The town's mayor, Gregg Kennedy, on his 50th birthday Wednesday, told the crowd of about 250 that the town was well on its way to recovery. Water was flowing to residents' homes thanks to a water system the town had installed a couple years ago about seven miles away. A boil water notice is still in effect, however. Power was also being restored and much of the debris was beginning to be pushed into piles for removal.
The U.S. Army Corps of Engineers is contracting for debris remova on anyone's property who signs off for the free service. Monroe County Administrator Sonny Clay said the Corps' involvement was "unprecedented." The contractors were expected to be in Smithville and Wren by Monday. Only Monroe County contractors can bid on the storm debris work in order to keep the money and jobs local.
County garbage collection will begin in Smithville immediately. Kennedy said the town's own green garbage dumpsters blew away. Residents are to use the county's brown dumpsters and there will be no charge for the service while the town is recovering.
Persons who need assistance should register with FEMA as a first step. They can call 1-800-621-3362. Even persons who have insurance but don't know how much of their damage is covered by their policy should register. FEMA will conduct an inspection of their home.
MEMA officials informed the residents that a program is available that will pay for 75 percent of the cost of purchasing a storm shelter, up to $4,000 reimbursement. This program, A Safe Place to Go, can be accessed online at www.msema.org. The program is for any resident in Monroe County.
Clay said it appears as if the entire clean-up project for Smithville could be a $6 million project. In federal disasters, normally cities are expected to pay about 12.5 percent of that, the state 12.5 percent and 75 percent federal funds. Smithville may not have to pay any of it, Clay said, noting that details of that are still being confirmed.
FEMA officials said FEMA housing is being brought in and will be put on cleaned off home slabs for people to live in temporarily.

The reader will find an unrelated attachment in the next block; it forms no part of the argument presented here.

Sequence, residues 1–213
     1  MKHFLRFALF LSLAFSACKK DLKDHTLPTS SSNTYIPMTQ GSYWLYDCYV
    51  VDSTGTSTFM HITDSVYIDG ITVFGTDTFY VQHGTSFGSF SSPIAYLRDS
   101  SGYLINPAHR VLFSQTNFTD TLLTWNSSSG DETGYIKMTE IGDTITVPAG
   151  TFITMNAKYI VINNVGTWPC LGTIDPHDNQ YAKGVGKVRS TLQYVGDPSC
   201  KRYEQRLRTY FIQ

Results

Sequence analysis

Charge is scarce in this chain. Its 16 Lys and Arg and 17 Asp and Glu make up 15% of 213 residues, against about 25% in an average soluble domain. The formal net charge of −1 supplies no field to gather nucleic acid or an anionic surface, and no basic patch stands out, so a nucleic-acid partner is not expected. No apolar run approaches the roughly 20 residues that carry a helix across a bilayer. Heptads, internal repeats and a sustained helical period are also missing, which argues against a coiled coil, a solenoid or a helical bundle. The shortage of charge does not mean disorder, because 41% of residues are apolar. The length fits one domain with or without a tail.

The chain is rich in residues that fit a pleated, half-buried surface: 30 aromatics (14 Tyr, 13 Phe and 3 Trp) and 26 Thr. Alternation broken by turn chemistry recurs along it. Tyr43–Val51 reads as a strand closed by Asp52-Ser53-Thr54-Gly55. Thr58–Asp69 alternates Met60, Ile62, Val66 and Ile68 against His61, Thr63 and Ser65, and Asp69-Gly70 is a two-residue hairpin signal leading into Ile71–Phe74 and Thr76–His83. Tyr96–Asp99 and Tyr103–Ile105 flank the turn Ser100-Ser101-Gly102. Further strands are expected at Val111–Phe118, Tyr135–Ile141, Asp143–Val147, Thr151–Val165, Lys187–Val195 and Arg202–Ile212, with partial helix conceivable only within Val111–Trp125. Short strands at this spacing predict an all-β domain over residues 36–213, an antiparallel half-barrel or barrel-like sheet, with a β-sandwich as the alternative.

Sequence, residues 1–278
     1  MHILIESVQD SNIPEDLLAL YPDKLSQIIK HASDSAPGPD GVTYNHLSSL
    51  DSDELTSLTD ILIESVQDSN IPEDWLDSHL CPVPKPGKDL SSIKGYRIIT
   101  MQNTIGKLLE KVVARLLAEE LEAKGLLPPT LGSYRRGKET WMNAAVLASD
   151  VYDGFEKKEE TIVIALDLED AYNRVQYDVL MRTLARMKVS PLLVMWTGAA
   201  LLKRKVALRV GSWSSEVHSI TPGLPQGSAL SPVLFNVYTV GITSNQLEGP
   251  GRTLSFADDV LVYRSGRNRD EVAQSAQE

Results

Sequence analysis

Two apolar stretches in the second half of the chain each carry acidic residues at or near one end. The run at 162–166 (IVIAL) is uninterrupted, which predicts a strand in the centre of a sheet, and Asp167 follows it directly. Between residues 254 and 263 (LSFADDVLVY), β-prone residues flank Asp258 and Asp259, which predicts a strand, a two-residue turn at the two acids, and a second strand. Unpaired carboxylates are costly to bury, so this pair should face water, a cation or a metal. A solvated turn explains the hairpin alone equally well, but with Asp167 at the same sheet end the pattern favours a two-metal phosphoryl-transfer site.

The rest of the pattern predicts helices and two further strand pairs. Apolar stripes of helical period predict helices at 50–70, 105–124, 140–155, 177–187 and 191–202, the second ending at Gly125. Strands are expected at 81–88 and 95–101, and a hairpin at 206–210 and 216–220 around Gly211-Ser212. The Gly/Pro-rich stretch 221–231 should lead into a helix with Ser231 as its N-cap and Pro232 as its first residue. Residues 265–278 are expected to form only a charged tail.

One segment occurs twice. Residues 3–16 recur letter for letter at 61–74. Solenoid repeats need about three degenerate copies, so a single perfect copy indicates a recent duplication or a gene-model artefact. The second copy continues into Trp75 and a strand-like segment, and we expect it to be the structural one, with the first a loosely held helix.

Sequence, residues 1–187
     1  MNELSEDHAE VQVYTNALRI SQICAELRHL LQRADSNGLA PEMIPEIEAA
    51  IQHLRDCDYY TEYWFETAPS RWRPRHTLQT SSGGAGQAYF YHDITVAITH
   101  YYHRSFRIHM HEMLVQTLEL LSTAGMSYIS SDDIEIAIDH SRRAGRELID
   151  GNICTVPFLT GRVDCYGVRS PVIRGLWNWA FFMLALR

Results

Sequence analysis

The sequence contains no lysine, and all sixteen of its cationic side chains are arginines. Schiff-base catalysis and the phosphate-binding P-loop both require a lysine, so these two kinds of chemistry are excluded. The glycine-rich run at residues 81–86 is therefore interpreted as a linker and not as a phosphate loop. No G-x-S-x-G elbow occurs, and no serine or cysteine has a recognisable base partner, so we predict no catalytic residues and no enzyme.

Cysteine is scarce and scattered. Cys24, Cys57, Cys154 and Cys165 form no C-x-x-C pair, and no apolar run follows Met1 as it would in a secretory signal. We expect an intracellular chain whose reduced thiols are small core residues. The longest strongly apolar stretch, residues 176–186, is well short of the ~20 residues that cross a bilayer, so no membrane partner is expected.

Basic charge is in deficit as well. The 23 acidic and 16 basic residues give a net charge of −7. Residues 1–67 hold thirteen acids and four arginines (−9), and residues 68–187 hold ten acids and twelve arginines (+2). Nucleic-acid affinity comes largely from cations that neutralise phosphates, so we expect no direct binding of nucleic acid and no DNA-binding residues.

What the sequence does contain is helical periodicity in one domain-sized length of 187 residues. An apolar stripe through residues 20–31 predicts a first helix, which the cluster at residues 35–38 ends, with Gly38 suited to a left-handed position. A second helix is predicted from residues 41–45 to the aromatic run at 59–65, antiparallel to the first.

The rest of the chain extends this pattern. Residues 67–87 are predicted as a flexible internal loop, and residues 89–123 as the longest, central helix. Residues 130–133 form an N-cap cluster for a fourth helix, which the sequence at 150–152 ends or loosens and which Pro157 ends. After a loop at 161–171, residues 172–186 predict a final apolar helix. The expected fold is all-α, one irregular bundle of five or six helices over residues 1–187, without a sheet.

Monroe County Emergency Management Coordinator Bunky Goza said the Am. Red Cross would be pulling out its meal operation Thursday but will still have mental health counselors available. The Salvation Army still will have services available in Smithville. There is also a warehouse on loan from Townhouse Furniture that has donations of food, clothing, household items and more that residents who qualify can get. It is open from 8-6 weekdays and is behind the Piggly Wiggly grocery store.
People removing debris with heavy equipment are urged to use caution as the natural gas has been turned back on and power lines are also live again.
Anyone wishing to volunteer should check in at the baseball field by the school and register with FEMA. Volunteers will be assigned jobs.
New storm warning sirens will also be installed throughout Smithville. Kennedy said they will be twice as powerful as the last ones that did, in fact, go off prior to the EF-5 tornado. "We have already ordered them and they will be here and be better ones. I believe the sirens helped save lives," he said.
Monroe County Sheriff Andy Hood said the curfew will remain in effect for a while longer. It has been extended from 7:30 p.m. until 6 a.m. Residents in the southern portion of the town may enter with a special pass.
A burn ban is also still in effect throughout the county. Only the Corps of Engineers is exempt from the burn ban.
During the town meeting, just to the south a funeral for longtime Smithville resident Jesse Cox was being conducted in view of the meeting. Cox lost his life in the storm. The distant sound of taps being played was a sad reminder to those at the meeting that they had been spared and blessed.
Smithville Baptist Pastor Wes White closed the meeting with a prayer. He said Smithville would be restored. "We will see the resurrection power of God," he said, as a chorus of amens were heard. "Our community has been deeply wounded," he said. "We ask for God's healing."